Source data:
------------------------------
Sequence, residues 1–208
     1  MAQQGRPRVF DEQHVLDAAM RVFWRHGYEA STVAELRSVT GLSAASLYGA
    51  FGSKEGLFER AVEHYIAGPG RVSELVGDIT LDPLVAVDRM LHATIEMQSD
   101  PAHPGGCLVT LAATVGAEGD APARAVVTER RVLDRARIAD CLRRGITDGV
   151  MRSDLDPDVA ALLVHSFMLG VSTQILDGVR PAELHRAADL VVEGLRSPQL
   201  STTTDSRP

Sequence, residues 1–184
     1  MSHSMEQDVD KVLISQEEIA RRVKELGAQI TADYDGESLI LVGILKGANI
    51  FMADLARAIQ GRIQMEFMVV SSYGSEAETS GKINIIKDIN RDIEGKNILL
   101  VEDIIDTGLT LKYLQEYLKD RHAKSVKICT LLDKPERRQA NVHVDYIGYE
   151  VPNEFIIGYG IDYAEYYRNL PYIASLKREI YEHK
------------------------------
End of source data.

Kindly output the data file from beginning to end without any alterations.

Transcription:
Sequence, residues 1–208
     1  MAQQGRPRVF DEQHVLDAAM RVFWRHGYEA STVAELRSVT GLSAASLYGA
    51  FGSKEGLFER AVEHYIAGPG RVSELVGDIT LDPLVAVDRM LHATIEMQSD
   101  PAHPGGCLVT LAATVGAEGD APARAVVTER RVLDRARIAD CLRRGITDGV
   151  MRSDLDPDVA ALLVHSFMLG VSTQILDGVR PAELHRAADL VVEGLRSPQL
   201  STTTDSRP

Sequence, residues 1–184
     1  MSHSMEQDVD KVLISQEEIA RRVKELGAQI TADYDGESLI LVGILKGANI
    51  FMADLARAIQ GRIQMEFMVV SSYGSEAETS GKINIIKDIN RDIEGKNILL
   101  VEDIIDTGLT LKYLQEYLKD RHAKSVKICT LLDKPERRQA NVHVDYIGYE
   151  VPNEFIIGYG IDYAEYYRNL PYIASLKREI YEHK